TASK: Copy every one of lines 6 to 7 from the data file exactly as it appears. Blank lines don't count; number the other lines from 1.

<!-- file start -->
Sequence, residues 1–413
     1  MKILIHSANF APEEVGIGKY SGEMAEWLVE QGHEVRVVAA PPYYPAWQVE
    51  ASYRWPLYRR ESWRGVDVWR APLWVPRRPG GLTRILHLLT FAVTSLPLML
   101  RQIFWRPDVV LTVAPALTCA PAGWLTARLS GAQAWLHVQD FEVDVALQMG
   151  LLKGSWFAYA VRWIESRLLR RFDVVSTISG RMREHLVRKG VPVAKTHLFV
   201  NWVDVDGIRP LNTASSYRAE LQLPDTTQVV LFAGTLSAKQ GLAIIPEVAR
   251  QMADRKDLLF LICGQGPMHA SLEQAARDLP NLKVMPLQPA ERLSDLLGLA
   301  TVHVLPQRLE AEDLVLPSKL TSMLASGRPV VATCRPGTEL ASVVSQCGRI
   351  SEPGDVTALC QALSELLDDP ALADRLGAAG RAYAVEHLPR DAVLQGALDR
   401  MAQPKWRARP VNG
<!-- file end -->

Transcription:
   201  NWVDVDGIRP LNTASSYRAE LQLPDTTQVV LFAGTLSAKQ GLAIIPEVAR
   251  QMADRKDLLF LICGQGPMHA SLEQAARDLP NLKVMPLQPA ERLSDLLGLA